May 2016

Three Retailers Settle “Honey Badger” Infringement Lawsuits

Submitted by patentadmin on Thu, 05/19/2016 - 13:20

Christopher Gordon got his 15 minutes. When his YouTube video, "Crazy Nastyass Honey Badger," went viral, Wal-Mart, Target and Kohl's jumped on the Honey Badger bandwagon and started selling products based on the catch phrase “Honey Badger Don’t Care” on some of its merchandise. Mr. Gordon filed lawsuits against all three companies claiming both trademark and copyright infringement.

Arby's Will Drop Intoxicating Sales Pitch

Submitted by patentadmin on Thu, 05/19/2016 - 13:18

Fast food icon Arby’s has announced that it will cease use of “Eat Your Bourbon” to market its new line of sandwiches that feature a bourbon-flavored sauce. This decision is the result of a trademark infringement lawsuit filed by Bourbon Barrel Foods, claiming that Arby’s was infringing its trademark.

As far as we are concerned, “Eat Your Bourbon” is not very clever nor particularly appealing. If there were laws against bad marketing, we’d have filed charges.

Trademark Infringement Claim Does Not Make It to First Base

Submitted by patentadmin on Thu, 05/19/2016 - 13:16

A U.S. District Court judge threw out a claim by Parks, the manufacturer of “Ball Park” hot dogs, that Tyson Foods and Hillshire Brands infringed the “Ball Park” trademark by using the slogan “Park’s Finest” on a line of hot dogs. While the judge did dismiss the claim by granting Tyson Food’s and Hillshire Brand’s motion for summary judgement, it was a 1-0 game since the judge denied Tyson’s and Hillshire’s request for sanctions against Parks for filing a frivolous claim.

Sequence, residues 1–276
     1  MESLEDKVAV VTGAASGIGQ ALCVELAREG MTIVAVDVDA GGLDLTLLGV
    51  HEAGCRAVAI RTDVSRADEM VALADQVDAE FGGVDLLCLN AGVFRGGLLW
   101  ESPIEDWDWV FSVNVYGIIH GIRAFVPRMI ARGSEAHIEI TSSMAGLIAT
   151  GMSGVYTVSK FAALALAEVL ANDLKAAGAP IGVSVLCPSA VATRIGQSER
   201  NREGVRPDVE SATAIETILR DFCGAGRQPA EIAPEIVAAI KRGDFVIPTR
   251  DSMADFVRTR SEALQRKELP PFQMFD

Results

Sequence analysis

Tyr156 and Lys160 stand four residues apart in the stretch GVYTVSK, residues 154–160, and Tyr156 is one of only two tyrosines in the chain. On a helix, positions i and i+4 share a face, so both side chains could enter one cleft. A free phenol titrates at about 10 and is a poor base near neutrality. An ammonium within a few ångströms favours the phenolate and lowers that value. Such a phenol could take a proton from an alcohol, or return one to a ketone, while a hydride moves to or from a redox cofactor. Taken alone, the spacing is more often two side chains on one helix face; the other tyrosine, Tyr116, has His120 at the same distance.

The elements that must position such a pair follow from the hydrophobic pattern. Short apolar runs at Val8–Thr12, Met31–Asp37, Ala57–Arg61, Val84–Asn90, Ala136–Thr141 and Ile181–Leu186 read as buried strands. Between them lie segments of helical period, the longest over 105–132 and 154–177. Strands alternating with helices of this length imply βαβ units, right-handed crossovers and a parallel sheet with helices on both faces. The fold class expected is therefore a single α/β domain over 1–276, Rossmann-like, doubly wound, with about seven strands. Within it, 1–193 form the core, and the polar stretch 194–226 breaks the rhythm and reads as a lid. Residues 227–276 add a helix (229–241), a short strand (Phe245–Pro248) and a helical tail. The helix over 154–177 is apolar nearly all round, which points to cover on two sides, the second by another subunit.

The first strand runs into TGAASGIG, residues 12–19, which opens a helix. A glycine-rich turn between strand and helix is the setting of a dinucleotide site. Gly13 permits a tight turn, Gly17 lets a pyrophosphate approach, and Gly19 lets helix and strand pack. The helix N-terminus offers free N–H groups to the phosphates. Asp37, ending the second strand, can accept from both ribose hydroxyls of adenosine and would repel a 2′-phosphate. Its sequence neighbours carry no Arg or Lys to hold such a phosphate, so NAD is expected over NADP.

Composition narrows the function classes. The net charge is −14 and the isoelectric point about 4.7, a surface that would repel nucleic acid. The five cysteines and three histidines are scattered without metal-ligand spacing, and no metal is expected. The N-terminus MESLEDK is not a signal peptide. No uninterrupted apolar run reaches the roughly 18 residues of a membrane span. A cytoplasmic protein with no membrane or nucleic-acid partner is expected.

No Room at the Table for “Churasscos”

Submitted by patentadmin on Thu, 05/19/2016 - 13:16

When the Cordua Restaurant chain filed for a trademark for “Churrascos,” the Trademark Office turned them down on the basis that “Churrascos” is the generic term for Spanish and Portuguese-style grilled meat. The Cordua folks had a beef (sorry, we cannot help ourselves) with the Trademark Office’s decision, so they appealed it the Trademark Trial and Appeal Board (TTAB).

Insurance Does Not Cover $35 Million Lawsuit Judgment

Submitted by patentadmin on Thu, 05/19/2016 - 13:14

Back in 2013, Ashley Reed Trading lost a trademark infringement lawsuit filed by Fendi Adele claiming that Ashley Reed was selling counterfeit handbags that were labeled as genuine Fendi Adele. The judge ordered Ashely Reed to pay Fendi Adele $35 million, three times the company’s sales from 2001 through 2006, the period during which it sold the counterfeit handbags. Ouch! But they had it coming.